In further pursuit of the Man VS Nature theme: Where the male, through blunt force, defeated – or rather silenced momentarily a female examining nature in Anti-Christ, in Melancholia -- again a film in which a marginalized female insists that Evil be acknowledged -- a man kills himself and the female embraces Nature. He won the battle in Anti-Christ, but She wins the war in Melancholia, while ultimately, nothing more nor less significant than one of an infinite number of cosmic dice rolls has the final say, as it were.
As I finish this, I hear the news reports of intra-European schisms and fissures and I contemplate Von Trier possibly saying, amongst many other things in Melancholia, that the world will end before Europe becomes a single nation-state, like America -- a notion perhaps manifested during the scene in which Michael, in an effort to be tender, proffers a photo of land he's purchased where Justine can go on ugly days. Pointing out the apple trees (which seem to be aligned along a lane of doom like the lawn at the castle) he explains: "These particular apples are called Empire Apples" delivering what could be viewed as a fairly sophomoric metaphor. Promising to keep the snapshot with her forever after he kinda suggests she do so reminding me of Willie (John Lurie) in Stranger Than Paradise giving Eva (Eszter Balint) a dress to wear, so she can fit in, in America – just as we see the dress in the garbage on the next scene, we see the photo left behind, creased on a chair.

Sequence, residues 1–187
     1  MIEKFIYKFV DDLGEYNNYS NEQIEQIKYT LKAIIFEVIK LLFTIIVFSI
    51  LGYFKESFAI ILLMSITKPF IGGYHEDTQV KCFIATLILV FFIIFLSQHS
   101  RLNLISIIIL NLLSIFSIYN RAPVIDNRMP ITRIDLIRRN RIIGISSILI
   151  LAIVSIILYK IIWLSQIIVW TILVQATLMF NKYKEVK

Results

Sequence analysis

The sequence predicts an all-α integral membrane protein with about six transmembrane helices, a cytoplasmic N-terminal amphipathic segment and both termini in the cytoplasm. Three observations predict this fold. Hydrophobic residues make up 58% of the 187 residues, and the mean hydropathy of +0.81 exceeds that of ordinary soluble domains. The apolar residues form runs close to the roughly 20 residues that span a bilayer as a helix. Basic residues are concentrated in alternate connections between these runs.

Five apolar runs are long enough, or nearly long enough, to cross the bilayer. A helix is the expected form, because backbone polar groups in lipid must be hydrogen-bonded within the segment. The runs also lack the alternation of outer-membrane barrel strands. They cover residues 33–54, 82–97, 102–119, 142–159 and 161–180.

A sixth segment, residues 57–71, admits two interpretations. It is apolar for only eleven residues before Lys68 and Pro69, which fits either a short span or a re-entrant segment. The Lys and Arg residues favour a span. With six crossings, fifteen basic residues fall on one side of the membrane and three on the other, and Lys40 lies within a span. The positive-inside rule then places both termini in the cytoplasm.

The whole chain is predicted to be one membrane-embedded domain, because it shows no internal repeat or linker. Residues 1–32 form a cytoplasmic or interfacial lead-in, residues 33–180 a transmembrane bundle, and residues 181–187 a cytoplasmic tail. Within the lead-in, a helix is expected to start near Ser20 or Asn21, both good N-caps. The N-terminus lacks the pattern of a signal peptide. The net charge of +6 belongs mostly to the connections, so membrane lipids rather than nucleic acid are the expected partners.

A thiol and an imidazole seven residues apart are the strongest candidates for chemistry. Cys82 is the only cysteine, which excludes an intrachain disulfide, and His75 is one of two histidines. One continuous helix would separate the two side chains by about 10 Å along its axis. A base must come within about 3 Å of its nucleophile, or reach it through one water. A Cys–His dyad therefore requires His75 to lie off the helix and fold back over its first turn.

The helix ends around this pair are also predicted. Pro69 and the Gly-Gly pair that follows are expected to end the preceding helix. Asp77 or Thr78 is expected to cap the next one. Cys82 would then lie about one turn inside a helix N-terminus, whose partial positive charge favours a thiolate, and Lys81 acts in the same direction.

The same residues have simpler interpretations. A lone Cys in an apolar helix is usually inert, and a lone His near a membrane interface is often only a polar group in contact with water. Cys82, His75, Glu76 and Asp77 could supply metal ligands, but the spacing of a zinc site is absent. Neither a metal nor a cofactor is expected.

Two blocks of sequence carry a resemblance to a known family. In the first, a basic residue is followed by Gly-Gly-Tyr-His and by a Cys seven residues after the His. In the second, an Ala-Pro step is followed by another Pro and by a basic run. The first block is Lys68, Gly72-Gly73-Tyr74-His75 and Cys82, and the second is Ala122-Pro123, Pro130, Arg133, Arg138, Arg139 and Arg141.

Audience members were particularly silent as the credits rolled, and I spoke with a few who hated Anti-Christ but loved Melancholia, and that was all I needed to know, to predict that this would be his best-selling film in the U.S. But for me, the whole experience felt over-informed by the sense that I was watching a Von Trier film at a major festival rather then a sense of being enveloped in cinema.
Additionally, this time Von Trier's empathetic female doesn't feel like an originally conceived character, but rather, she feels of a demographic – LVT seems to be pandering, depicting an audiences' repressed rage back to itself as a marketable cinematic adventure – and again, this sounds okay on paper, but this time he creates nothing really unique in the process, though again, this will likely be his best-selling picture in America, where we love a tragedy with a happy ending, hence the success of A Star Is Born variant, The Artist.